Santos and other military officials did not elaborate on the details of the operation, nor did they indicate whether FARC deserters had assisted in the cause and, if so, whether they were paid. But military officials have in recent months detailed how FARC rebels who abandoned the rebel group have betrayed commanders for money, with some earning hundreds of thousands of dollars for information leading to the capture or killing of top leaders.
"This was an operation without precedent that will pass into history for its audacity and effectiveness," Santos said. "Fifteen hostages were rescued without firing a single shot."
President Bush called Colombian President Álvaro Uribe to congratulate him, and Air Force Lt. Col. Patrick Ryder, a Pentagon spokesman, praised the Colombian armed forces. "This was a Colombia-planned, -led and -executed operation," he said.
Still, William Brownfield, the U.S. ambassador to Bogota, told CNN's Larry King that the American military helped Colombian intelligence officers with planning, exchanging ideas and troubleshooting before the Colombians launched the operation.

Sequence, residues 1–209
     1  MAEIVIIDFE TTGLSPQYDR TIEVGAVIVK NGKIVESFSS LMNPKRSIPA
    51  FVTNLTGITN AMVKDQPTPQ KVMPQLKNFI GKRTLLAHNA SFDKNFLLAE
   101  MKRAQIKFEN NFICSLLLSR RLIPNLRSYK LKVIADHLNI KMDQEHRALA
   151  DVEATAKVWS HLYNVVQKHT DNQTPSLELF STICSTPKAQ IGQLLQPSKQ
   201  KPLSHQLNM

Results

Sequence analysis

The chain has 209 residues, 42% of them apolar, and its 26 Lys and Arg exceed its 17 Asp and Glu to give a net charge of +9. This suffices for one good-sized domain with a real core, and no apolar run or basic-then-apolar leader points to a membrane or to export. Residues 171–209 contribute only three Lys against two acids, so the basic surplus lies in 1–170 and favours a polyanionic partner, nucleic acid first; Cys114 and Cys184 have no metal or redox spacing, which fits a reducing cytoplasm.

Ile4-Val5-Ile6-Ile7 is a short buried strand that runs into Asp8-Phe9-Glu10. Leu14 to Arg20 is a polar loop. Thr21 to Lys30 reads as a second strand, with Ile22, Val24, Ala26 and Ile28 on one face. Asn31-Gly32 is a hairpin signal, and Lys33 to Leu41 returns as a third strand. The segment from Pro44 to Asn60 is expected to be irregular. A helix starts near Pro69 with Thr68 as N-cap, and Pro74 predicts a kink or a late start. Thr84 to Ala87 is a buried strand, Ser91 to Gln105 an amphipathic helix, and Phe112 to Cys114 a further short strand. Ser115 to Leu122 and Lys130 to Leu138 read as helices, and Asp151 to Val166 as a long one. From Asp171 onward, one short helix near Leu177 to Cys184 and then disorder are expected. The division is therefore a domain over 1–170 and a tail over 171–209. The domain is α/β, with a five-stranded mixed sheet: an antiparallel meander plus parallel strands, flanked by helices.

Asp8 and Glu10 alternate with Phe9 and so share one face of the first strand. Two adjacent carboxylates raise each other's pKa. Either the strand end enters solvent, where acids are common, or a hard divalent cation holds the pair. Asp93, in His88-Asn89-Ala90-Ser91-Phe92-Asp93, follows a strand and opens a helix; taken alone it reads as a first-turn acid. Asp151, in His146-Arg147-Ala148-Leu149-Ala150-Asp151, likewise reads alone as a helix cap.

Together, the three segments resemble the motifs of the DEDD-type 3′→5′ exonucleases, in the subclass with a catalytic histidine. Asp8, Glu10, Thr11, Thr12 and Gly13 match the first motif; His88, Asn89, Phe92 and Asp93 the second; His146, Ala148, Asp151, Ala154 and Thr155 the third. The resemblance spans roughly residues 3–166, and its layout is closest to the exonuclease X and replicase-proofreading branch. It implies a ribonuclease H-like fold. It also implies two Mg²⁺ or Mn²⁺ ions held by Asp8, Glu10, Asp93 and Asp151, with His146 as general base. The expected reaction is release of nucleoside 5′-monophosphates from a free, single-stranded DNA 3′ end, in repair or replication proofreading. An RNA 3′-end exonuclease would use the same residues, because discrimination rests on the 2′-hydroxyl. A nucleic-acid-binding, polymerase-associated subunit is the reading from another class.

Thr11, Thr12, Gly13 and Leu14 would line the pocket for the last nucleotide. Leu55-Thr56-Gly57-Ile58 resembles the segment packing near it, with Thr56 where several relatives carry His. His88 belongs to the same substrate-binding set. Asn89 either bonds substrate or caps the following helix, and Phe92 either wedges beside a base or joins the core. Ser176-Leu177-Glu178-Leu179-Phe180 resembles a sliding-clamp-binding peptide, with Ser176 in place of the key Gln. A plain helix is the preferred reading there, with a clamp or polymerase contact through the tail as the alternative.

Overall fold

Myles Frechette, a former U.S. ambassador to Colombia, said the operation showed that Colombia's army continues to make headway against the FARC, which once had more than 17,000 fighters and controlled large swaths of Colombia.
Military officials now say the rebel group numbers perhaps 10,000 fighters and has lost many of its most experience field commanders. Indeed, in March two of its highest-ranking leaders were killed, one by his own men, and the founder and longtime leader of the FARC, Manuel Marulanda, died of a heart attack. Hundreds of guerrillas are also deserting every month.
"It's the best news I've heard from the Colombian armed forces," Frechette said. "Obviously brilliantly executed, well-organized, probably for some months and probably aided by the rewards paid by the government. They got 15 of the high-value hostages out. The FARC are diminished and weakened."
Santos, the defense minister, reiterated the government's offer that leaders of the rebel group, now in its 44th year of armed struggle against the state, enter into peace negotiations. Some analysts have been hopeful that Guillermo Sáenz Vargas, also known as Alfonso Cano, the commander who replaced Marulanda, will lead the rebel group to the peace table.
"One more time we make the call to the new leaders of the FARC to lay down their arms, so they are not killed nor that they sacrifice their men," Santos said. "The government reiterates to them that if they want to enter into serious negotiations in good faith, we are offering a dignified peace."
Correspondent John Ward Anderson in Paris; staff writers Carol D. Leonnig, Josh White and Dan Eggen in Washington; and washingtonpost.com writer Travis Fox in Medellin, Colombia, contributed to this report.